GSMA issues security guidelines for IoT
February 17, 2016
The GSMA has released security guidelines for the IoT. They have been developed in consultation with the mobile industry and provide IoT service providers and the wider IoT ecosystem practical advice on tackling common cybersecurity threats, as well as data privacy issues associated with IoT services.
The project has received the backing and support of the mobile industry including mobile operators AT&T, China Telecom, Etisalat, KDDI, NTT Docomo, Orange, Telefónica, Telenor and Verizon and vendor and infrastructure partners 7Layers, Ericsson, Gemalto, Morpho, Telit and U-Blox.
“As billions of devices become connected in the internet of things, offering innovative and interconnected new services, the possibility of potential vulnerabilities increases,” said Alex Sinclair, chief technology officer for the GSMA. “These can be overcome if the end-to-end security of an IoT service is carefully considered by the service provider when designing their service and an appropriate mitigating technology is deployed. A proven and robust approach to security will create trusted, reliable services that scale as the market grows.”
The guidelines have been designed for all players in the IoT ecosystem including service providers, device manufacturers and developers. They should help service providers build secure services by outlining technologies and methods to address potential threats, as well as how to implement them. They also establish the need for risk assessment of all components of an IoT service to ensure they are designed to collect, store and exchange data securely and successfully mitigate cybersecurity attacks. The guidelines recently completed a thorough industry consultation with academics, analysts and other industry experts to ensure they are as robust as possible.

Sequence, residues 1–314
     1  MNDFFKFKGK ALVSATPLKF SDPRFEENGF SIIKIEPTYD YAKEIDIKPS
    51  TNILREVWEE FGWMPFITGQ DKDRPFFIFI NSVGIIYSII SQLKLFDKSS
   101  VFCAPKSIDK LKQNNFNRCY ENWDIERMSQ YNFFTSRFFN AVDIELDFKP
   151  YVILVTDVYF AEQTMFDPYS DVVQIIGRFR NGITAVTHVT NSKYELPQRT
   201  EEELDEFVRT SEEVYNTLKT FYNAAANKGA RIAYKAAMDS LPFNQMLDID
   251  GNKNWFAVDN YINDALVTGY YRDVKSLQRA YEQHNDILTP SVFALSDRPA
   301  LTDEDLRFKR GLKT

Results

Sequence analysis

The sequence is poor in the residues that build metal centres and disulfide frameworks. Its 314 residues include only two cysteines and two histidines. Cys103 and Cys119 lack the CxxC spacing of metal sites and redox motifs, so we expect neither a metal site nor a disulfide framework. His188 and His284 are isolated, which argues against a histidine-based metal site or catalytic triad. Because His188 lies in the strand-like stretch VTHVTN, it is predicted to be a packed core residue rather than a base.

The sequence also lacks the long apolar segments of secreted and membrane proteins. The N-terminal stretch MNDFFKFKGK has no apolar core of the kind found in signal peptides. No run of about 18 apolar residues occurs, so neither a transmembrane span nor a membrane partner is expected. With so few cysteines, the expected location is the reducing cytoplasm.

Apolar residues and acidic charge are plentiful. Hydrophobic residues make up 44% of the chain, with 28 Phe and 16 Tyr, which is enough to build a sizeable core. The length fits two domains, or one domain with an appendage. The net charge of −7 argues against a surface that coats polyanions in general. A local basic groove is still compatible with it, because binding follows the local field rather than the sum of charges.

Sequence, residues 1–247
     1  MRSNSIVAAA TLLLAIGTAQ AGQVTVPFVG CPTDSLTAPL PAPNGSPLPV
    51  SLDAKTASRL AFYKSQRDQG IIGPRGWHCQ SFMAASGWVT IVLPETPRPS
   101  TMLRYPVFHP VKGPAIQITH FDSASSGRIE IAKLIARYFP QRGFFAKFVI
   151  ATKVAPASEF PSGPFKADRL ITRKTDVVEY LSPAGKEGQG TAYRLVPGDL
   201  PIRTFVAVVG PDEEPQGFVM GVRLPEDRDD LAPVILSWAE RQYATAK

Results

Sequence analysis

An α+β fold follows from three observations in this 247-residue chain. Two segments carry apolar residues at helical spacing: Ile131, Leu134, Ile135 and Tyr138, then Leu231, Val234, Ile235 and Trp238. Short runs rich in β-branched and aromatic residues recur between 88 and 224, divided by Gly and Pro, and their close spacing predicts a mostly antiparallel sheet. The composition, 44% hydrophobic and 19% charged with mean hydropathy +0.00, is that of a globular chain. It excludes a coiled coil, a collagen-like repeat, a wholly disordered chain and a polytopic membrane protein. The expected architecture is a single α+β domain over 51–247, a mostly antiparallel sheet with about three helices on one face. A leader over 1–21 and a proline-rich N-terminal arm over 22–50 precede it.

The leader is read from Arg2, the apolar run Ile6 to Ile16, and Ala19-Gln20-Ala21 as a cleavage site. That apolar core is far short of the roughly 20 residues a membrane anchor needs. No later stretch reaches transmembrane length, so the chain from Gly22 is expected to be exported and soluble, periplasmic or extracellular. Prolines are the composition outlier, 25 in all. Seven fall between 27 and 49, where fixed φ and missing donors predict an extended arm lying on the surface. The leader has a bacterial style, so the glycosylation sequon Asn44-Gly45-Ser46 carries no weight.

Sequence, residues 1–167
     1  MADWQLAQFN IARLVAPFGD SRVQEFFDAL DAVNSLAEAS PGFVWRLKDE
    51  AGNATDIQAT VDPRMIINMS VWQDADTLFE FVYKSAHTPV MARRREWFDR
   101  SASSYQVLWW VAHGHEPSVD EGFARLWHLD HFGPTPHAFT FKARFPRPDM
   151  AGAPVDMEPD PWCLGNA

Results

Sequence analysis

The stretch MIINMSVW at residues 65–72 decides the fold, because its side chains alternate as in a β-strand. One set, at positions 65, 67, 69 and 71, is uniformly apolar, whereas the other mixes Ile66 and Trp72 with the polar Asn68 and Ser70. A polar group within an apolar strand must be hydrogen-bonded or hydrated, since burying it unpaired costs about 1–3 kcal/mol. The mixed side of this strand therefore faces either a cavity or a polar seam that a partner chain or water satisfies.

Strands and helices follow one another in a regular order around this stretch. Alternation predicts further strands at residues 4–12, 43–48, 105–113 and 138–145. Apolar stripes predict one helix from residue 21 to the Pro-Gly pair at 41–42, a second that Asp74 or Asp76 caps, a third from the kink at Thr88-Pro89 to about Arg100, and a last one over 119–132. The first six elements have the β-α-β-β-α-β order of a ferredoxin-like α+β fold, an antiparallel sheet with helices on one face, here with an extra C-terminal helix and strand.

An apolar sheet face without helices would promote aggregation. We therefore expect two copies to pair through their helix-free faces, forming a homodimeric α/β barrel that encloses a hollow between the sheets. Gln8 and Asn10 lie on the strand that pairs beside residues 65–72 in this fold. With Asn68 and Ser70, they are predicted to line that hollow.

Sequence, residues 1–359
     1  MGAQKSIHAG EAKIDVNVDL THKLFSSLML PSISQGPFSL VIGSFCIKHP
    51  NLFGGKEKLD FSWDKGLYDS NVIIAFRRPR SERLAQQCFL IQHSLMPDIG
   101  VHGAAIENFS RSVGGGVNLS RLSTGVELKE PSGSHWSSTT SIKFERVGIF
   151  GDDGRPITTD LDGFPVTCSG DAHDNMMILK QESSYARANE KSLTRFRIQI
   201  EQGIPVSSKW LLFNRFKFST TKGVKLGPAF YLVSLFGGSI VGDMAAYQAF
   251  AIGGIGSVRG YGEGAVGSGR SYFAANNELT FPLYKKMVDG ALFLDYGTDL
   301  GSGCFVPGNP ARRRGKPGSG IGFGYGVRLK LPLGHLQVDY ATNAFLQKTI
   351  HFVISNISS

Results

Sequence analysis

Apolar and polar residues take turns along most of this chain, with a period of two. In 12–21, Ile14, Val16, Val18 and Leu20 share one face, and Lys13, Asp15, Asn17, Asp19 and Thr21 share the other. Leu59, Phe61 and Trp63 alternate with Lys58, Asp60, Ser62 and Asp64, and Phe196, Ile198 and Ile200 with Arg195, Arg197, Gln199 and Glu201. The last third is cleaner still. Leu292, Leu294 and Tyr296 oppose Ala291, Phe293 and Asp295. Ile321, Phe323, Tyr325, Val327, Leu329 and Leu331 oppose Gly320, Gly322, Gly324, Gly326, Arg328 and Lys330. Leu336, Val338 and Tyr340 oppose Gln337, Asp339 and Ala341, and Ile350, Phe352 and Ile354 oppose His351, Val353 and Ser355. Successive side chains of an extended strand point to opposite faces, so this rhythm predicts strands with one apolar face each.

“There is a significant amount of evidence to suggest that cyberattacks are already happening in the burgeoning IoT space,” said Don Bailey, founder and CEO of Lab Mouse Security. “If not handled appropriately, these attacks are likely to inhibit the growth and stability of the internet of things. It is imperative that the industry adopts a standard approach for dealing with security risks and mitigations, helping to ensure that the entire IoT ecosystem will not be subject to fraud, exposures of privacy, or attacks that affect human life."
The guidelines have been developed through the GSMA Connected Living programme. The programme is designed to help operators accelerate the delivery of connected devices and services in the M2M market. It focuses on driving industry collaboration, promoting appropriate regulation and optimising networks to support the growth of M2M in the immediate future and the IoT in the longer term.
“The IoT is all about making the things in your life smarter,” said Cameron Coursey, vice president of AT&T. “Security is paramount to something that touches and influences our lives as deeply as the IoT. These guidelines are a vital initiative towards realising the vision of a robust and highly secure IoT ecosystem.”
Angel David Garcia Barrio, vice president for M2M at Etisalat, added: “The internet of things presents great opportunities to create value for businesses and consumers but the interconnection of heterogeneous systems and technologies increases the chance of exposing areas of vulnerability. The GSMA IoT security guidelines compile best practice recommendations for service development which if adopted will minimise opportunities for malicious exploitation and in turn will reassure market confidence and facilitate mass adoption. At Etisalat we look forward to use them when creating new or enhancing our existing IoT service offering."